Skull cups, kapala, were used in tantric rituals to represent the transformation of delusion into perfect wisdom and for offerings to fierce deities. This skull is probably that of an important Buddhist priest or Lama. Its exterior is inlaid in silver and copper with a double-vajra, ribbon-tied chopper, bell, and dagger. The tripod stand has small skulls and feet terminating in five-pronged vajras. The vajra is the ritual thunderbolt used in Buddhist rituals, especially in Tibet.

Skull Cup on Stand, 18th cy., human skull, copper & bronze, Kanling Trumpet, femur bone, silver, coral and turquoise

Femur Horn

Tibet, 19th century
Bone, silver, coral and turquoise
DBC 10848.1

Skull Cup on Stand, 18th cy., human skull, copper & bronze, Kanling Trumpet, femur bone, silver, coral and turquoise

Conch Shell Horn

Tibet, 19th century
Bone, silver, coral and turquoise
DBC 10848.1

A symbol of the Sacred World, the conch shell is highly prized in Tibet. It is used to summon monks to prayers to appease fierce deities. The repoussé decoration includes various Buddhist motifs such as the Wheel of the Law.

Prayer Wheel, 19th cy., wood, bone, metal,

Prayer Wheel

Tibet, 19th century
Wood, bone, metal
DBC 10653.1

The drum contains a rolled up scroll on which is written a Buddhist sutra or sacred text. While chanting a mantra, the worshipper twirls the handle and chain to rotate the drum and disseminate the prayers contained inside. This is a means to accumulate merit and purify one’s karma.

Portable Shrine, 18th-19th cy., repousse silver, copper, fabric,

Portable Shrine

Tibet, 18th–19th centuries
Silver, copper, fabric
DBC 10550.1

A Tibetan Ghau is a “hidden box” or locket traditionally worn by pilgrims to protect them from evil and bring good luck. In the center of the lotus petal, the polychrome painted deity is surrounded by repoussé silver with the eight Buddhist emblems. They include the conch, the dharma wheel, the pair of golden fish, the endless knot, the parasol, the lotus, the treasure vase, and the victory banner.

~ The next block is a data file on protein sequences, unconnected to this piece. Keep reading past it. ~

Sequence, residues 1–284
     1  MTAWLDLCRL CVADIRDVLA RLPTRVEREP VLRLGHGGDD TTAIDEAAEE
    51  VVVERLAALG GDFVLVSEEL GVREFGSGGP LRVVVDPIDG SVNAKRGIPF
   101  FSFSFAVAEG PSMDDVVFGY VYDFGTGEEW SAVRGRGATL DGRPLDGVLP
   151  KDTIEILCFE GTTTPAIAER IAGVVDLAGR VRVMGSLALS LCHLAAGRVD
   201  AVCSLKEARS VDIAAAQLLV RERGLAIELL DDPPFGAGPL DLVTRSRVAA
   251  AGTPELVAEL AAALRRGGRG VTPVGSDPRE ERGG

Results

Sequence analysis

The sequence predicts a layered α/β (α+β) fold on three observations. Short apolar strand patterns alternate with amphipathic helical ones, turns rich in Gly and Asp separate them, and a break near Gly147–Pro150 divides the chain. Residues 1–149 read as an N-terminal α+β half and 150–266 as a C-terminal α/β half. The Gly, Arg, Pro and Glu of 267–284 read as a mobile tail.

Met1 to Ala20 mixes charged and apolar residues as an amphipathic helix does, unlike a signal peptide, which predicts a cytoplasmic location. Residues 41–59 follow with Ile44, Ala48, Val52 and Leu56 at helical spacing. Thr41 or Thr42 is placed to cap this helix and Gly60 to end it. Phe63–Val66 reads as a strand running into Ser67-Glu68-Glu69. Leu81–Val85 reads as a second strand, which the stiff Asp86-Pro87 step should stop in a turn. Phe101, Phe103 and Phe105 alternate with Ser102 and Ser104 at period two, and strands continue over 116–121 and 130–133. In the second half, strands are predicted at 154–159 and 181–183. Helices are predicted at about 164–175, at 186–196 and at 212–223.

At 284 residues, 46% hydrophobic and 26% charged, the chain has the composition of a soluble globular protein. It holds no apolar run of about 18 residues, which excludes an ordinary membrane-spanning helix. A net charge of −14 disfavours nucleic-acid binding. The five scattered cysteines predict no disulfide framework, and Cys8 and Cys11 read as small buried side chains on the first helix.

Tibetan woven wool tiger rug,

Tiger Rug

Tibet, ca. 1750
DBC 10517.1

This rug depicts the fully flayed skin of a tiger. It is a rare example of “single stripe with rainbow border” design. It incorporates the unusual Chinese pattern of “mountain, sea, and cloud at the end border. The subduing of wild animals symbolizes the conquering the untamed energies within, an important concept in Tibetan Tantric Buddhism. Actual flayed animals as well as animal carcasses were offered to fierce deities.

Carved wood and paint decorated child’s cradle.

Infant’s Cradle

Tibet, 18th century
Carved and painted wood
DBC 10186.1

This unusual, complete cradle, painted with colorful flowers, birds, and figures, was made for a high born child. Beneath the sleeping platform are two compartments for song birds to sing the baby to sleep.

Ceremonial Trumpet, copper, brass, silver,

Ceremonial Trumpet

Tibet, 20th century
Copper, brass, silver
DBC 10671.1

Ritual music was a powerful element in Tibetan ceremonies and an important aid to spiritual pursuits. The profound and unique sound produced by Tibetan ritual instruments played together has no parallels in Asian music and creates a mystical experience transcending the noises of the “real” world.

Drum, 19th cy., wood, tanned hide


Tibet, 19th century
Wood, tanned hide
DBC 10116.1

This drum was used in the elaborate Tibetan Buddhist ritual ceremonies which included the chanting of mantras, sacred Sanscrit symbols.

Hat, gilt lacquer with coral and silver finial


Tibet, 18th–19th centuries
Gilt lacquer with coral and silver finial
DBC 11251.1

Hats were not originally part of Indian Buddhist monks’ attire but figure prominently in the official and ceremonial equipment of Tibetan monks. This rare example is finely painted with scenes of wrathful deities, lotus flowers, and dragons chasing the sacred pearl.

The Nantucket Historical Association preserves and interprets the history of Nantucket through its programs, collections, and properties, in order to promote the island’s significance and foster an appreciation of it among all audiences.